• Nervous System – Jan Lars Jensen
  • New Poems of Emily Dickinson
  • The New Way Things Work – David Macaulay
  • Nickel and Dimed – Barbara Ehrenreich
  • Night – Elie Wiesel
  • Northanger Abbey – Jane Austen
  • The Norton Anthology of Theory & Criticism – William E Cain
  • Novels 1930-1942: Dance Night/Come Back to Sorrento, Turn, Magic Wheel/Angels on Toast/A Time to be Born by Dawn Powell
  • Notes of a Dirty Old Man – Charles Bukowski

O

  • Of Mice and Men – John Steinbeck
  • Old School – Tobias Wolff
  • Oliver Twist – Charles Dickens
  • On the Road – Jack Keruac
  • One Day in the Life of Ivan Denisovitch – Alexander Solzhenitsyn
  • One Flew Over the Cuckoo’s Nest – Ken Kesey
  • One Hundred Years of Solitude – Gabriel Garcia Marquez
  • The Opposite of Fate: Memories of a Writing Life – Amy Tan
  • Oracle Night – Paul Auster
  • Oryx and Crake – Margaret Atwood
  • Othello – Shakespeare
  • Our Mutual Friend – Charles Dickens
  • The Outbreak of the Peloponnesian War – Donald Kagan
  • Out of Africa – Isac Dineson
  • The Outsiders – S. E. Hinton

P

  • A Passage to India – E.M. Forster
  • The Peace of Nicias and the Sicilian Expedition – Donald Kagan
  • The Perks of Being a Wallflower – Stephen Chbosky
  • Peyton Place – Grace Metalious
  • The Picture of Dorian Gray – Oscar Wilde
  • Pigs at the Trough – Arianna Huffington
  • Pinocchio – Carlo Collodi
  • Please Kill Me – Legs McNeil & Gilliam McCain
  • The Polysyllabic Spree – Nick Hornby
  • The Portable Dorothy Parker
  • The Portable Nietzche
  • The Price of Loyalty – Ron Suskind
  • Pride and Prejudice – Jane Austen
  • Property – Valerie Martin
  • Pushkin – TJ Binyon
  • Pygmalion – George Bernard Shaw

Q

  • Quattrocento – James McKean
  • A Quiet Storm – Rachel Howzell Hall

R

  • Rapunzel – Grimm Brothers
  • The Razor’s Edge – W Somerset Maugham
  • Reading Lolita in Tehran – Azar Nafisi
  • Rebecca – Daphne de Maurier
  • Rebecca of Sunnybrook Farm – Kate Douglas Wiggin
  • The Red Tent – Anita Diamant
  • Rescuing Patty Hearst – Virginia Holman
  • The Return of the King – JRR Tolkien
  • R is for Ricochet – Sue Grafton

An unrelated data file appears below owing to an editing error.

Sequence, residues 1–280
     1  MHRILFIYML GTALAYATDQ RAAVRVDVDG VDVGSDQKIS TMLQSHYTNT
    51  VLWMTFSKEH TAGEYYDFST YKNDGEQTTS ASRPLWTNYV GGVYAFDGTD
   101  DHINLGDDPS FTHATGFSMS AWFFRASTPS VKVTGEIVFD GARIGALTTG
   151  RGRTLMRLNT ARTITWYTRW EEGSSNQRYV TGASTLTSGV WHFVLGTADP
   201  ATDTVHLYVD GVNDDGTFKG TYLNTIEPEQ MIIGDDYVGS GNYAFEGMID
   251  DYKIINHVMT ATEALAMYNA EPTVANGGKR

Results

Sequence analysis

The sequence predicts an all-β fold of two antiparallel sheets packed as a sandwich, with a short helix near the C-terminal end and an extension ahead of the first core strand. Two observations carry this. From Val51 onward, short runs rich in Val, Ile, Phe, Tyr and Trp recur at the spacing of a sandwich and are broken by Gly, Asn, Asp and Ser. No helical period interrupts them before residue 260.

• Rita Hayworth – Stephen King
  • Robert’s Rules of Order – Henry Robert
  • Roman Fever – Edith Wharton
  • Romeo and Juliet – Shakespeare
  • A Room of One’s Own – Virginia Woolf
  • A Room with a View – EM Forster
  • Rosemary’s Baby – Ira Levin
  • The Rough Guide to Europe

S

  • Sacred Time – Ursula Hegi
  • Sanctuary – William Faulkner
  • Savage Beauty – Nancy Milford
  • Say Goodbye to Daisy Miller – Henry James
  • The Scarecrow of Oz – Frank L. Baum
  • The Scarlet Letter – Nathanial Hawthorne
  • Seabiscuit – Laura Hillenbrand
  • The Second Sex – Simone de Beauvior
  • The Secret Life of Bees – Sue Monk Kidd
  • Secrets of the Flesh – Judith Thurman
  • Selected Letters of Dawn Powell (1913-1965)
  • Sense and Sensibility – Jane Austen
  • A Separate Place – John Knowles
  • Several Biographies of Winston Churchill
  • Sexus – Henry Miller
  • The Shadow of the Wind – Carlos Ruiz Zafron
  • Shane – Jack Shaefer
  • The Shining – Stephen King
  • Siddartha – Hermann Hesse
  • S is for Silence – Sue Grafton
  • Slaughter-House 5 – Kurt Vonnegut
  • Small Island – Andrea Levy
  • Snows of Kilamanjaro – Ernest Hemingway
  • Snow White and Red Rose – Grimm Brothers
  • Social Origins of Dictatorship and Democracy – Barrington Moore
  • The Song of Names – Norman Lebrecht
  • Song of the Simple Truth – Julia de Burgos
  • The Song Reader – Lisa Tucker
  • Songbook – Nick Hornby
  • The Sonnets – Shakespeare
  • Sonnets from the Portuegese – Elizabeth Barrett Browning
  • Sophie’s Choice – William Styron
  • The Sound and the Fury – William Faulkner
  • Speak, Memory – Vladimir Nabakov
  • Stiff, The Curious Lives of Human Cadavers – Mary Roach
  • The Story of my Life – Helen Keller
  • A Streetcar Named Desire – Tennessee Williams
  • Stuart Little – EB White
  • Sun Also Rises – Ernest Hemingway
  • Swann’s Way – Marcel Proust
  • Swimming with Giants – Anne Collett
  • Sybil – Flora Rheta Schreiber

T

  • A Tale of Two Cities – Charles Dickens
  • Tender is the Night – F Scott Fitzgerald